Next Wednesday, the winner of Volkswagen’s “Think Blue World Championship” — a contest to discover the globe’s most fuel-efficient driver — will be crowned at the Los Angeles Auto Show.
The following day, the “Green Car of the Year” will be announced.
The ceremonies are part of the show’s attempt to brand itself as the greenest exhibition of cars in North America, if not the world.
Given that California is the birthplace of car-crazy culture, and Los Angeles has long been infamous for its sprawling freeways and choking smog, this environmental posture frequently generates derisive laughter or rolling eyeballs.
But that’s old: The state’s story has become much more complex.
Cars still dominate its extravagantly wasteful culture. On the other hand, it has led North America in making them greener.
The smog led California to impose the continent’s toughest emission regulations. And, because it’s such a huge and lucrative market, those rules became the template for the American and Canadian fuel-consumption standards now forcing automakers to make all their products more efficient.
From the arrival of Toyota’s Prius hybrid, California has been North America’s test bed and launch pad for fuel-saving and alternative powertrains.
Los Angeles even has a public transit network that puts Toronto’s to shame.
This mixed bag is reflected in the auto show, open to the public from Nov. 30 to Dec. 9.
Los Angeles ranks high on the annual global circuit of these events, where status depends mainly on the number of world vehicle premiers. This year, it boasts 22 such unveilings, as well as 28 first showings in North America.
Many of these debuts will be on the green side of the ledger. They’ll include plug-in hybrid and all-battery vehicles, as well as highly efficient internal-combustion and “clean diesel” models. As well, older versions of these new technologies will dot the show floor.
“Overall, there will be two dozen all-electric or plug-in electric models at the show, at least a dozen clean-diesel vehicles and nearly 20 . . . with highly advanced four-cylinder gasoline engines,” show organizers say.
On the other hand, they add: “Underscoring the L.A. region’s status as the largest luxury and performance market in the country, of the nearly 50 debuts slated, at least a dozen will come from these categories.”
So, like the state, it’s greener; not green.
The show will also reflect shifts in thinking about fuel-saving vehicles.
Sales of cars powered only by batteries are lagging, while hybrids and efficient gasoline burners are doing well, and plug-in hybrids appear to be taking off. While a couple of notable electric vehicles, GM’s Spark EV and Fiat’s 500e, will be unveiled, most attention will focus on the other options, which allow improved fuel economy for larger vehicles in a market where many still refuse to believe small can be beautiful.
The shift is evident in the five “Green Car” finalists. None are pure EVs, and two — the Dodge Dart Aero and Mazda CX-5 — represent efficient internal combustion, with no electric boost. As the show organizers put it, this choice, “underscores the evolving auto industry’s increasing focus on efficiencies and tailpipe/carbon-dioxide emissions.”
The EV debuts will emphasize that for now — apart from those who can afford the top version of Tesla’s Model S — battery-only technology is restricted to urban driving. That fact was obvious from the start of the EV revival, but manufacturers are increasingly making it a virtue of their electric vehicles.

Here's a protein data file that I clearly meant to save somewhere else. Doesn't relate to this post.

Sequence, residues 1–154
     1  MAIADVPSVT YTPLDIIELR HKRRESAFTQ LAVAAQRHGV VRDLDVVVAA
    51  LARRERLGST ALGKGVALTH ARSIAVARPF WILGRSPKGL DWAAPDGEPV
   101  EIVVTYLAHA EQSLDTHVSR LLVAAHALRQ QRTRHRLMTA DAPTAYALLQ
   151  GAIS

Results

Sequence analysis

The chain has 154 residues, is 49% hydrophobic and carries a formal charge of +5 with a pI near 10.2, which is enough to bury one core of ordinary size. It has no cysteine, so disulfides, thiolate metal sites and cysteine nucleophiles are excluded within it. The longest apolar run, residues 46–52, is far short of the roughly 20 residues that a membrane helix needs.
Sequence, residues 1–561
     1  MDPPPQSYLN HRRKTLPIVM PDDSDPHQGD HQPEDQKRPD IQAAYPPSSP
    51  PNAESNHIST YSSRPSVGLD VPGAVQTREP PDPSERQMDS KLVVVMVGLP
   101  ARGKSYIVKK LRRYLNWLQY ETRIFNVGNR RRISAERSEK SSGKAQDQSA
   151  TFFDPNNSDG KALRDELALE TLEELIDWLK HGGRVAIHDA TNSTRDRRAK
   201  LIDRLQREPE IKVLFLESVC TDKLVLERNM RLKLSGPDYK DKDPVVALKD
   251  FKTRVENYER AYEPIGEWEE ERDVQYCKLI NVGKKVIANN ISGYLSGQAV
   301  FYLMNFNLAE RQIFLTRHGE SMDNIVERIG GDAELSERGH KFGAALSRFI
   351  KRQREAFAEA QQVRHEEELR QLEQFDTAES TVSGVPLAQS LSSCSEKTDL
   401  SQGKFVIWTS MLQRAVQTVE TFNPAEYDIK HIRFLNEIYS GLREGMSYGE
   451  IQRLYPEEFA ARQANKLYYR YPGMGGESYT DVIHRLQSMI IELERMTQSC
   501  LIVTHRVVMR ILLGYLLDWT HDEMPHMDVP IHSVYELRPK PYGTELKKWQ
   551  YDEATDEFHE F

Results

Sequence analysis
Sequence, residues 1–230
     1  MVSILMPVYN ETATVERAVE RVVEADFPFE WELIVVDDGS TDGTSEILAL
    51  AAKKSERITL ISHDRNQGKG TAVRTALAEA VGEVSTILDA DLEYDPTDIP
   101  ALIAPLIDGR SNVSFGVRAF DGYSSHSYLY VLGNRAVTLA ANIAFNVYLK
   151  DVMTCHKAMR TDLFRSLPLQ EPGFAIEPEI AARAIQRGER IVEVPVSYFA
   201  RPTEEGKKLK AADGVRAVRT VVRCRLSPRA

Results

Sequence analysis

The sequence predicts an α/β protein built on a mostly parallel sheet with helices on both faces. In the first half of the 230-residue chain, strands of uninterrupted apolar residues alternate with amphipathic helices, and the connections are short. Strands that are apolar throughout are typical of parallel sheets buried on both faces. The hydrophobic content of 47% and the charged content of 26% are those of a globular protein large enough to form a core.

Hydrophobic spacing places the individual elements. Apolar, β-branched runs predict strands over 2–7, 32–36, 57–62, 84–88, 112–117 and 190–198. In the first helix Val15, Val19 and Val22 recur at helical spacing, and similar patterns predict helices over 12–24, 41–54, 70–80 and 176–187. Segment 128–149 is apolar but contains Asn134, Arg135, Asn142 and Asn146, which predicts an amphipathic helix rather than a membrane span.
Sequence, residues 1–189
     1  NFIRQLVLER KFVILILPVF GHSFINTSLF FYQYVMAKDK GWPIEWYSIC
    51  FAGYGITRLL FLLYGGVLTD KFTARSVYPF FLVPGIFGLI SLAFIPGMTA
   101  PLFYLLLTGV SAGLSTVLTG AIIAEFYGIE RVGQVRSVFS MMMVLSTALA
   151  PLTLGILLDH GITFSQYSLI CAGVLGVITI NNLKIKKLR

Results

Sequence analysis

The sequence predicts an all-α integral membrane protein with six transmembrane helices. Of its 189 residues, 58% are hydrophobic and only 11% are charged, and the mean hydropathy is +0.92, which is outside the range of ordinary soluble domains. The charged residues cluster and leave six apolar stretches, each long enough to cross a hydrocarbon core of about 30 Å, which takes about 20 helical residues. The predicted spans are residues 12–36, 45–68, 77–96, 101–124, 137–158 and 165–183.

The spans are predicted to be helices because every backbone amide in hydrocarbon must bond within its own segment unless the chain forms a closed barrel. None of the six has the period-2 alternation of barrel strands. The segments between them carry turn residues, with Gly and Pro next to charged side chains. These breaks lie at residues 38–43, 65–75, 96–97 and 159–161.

The two EV trailblazers won’t have new all-battery products in Los Angeles. A revamped Leaf went on sale this week in Japan, but the North American version isn’t ready yet. Mitsubishi’s iMiEV is also to get a 2013 revision, but not in time for the show. The same holds for GM’s plug-in-hybrid Volt.
Mitsubishi, though, will point toward the industry’s shift with a plug-in-hybrid version of its Outlander compact SUV. With the iMiEV selling only by the dozens in North America, spokesperson Roger Yasukawa says the little EV has “served as the foundation to develop the technologies of the future … like the upcoming Outlander,” which lets consumers “make an easier decision for the time being to adopt this vehicle without sacrificing their driving pattern or lifestyles.”
GM’s lone, albeit significant, green offering will be the Spark EV, and the 500e will fill that role for Chrysler/Fiat.
Ford will display its Focus EV, as well as the C-Max and Fusion families of hybrids and Energi plug-in hybrids that are causing a marketplace stir. It will also introduce to North America its one-litre, three-cylinder EcoBoost engine, to be available in the Fiesta compact.
And it will showcase the Transit Connect compact minivan, claimed as the first seven-passenger vehicle to achieve fuel economy of 7.8 litres per 100 kilometres.
Toyota will show its Prius family of hybrids and plug-in hybrids.
Honda will debut the Accord plug-in hybrid.
Mazda, staying out of the electric game, will unveil the 2014 Mazda6, its second model — following the popular CX-5 crossover — to feature the full fuel-sipping SkyActiv internal-combustion technology.
BMW promises the world premier of the coupe version of the i3 luxury city car, and the North American debut of the i8 Spyder plug-in-hybrid sports car.
Volkswagen promises the first “big show” display of its Beetle TDI Clean Diesel and Jetta Turbocharged Hybrid — the car in the “Think Blue” competition.
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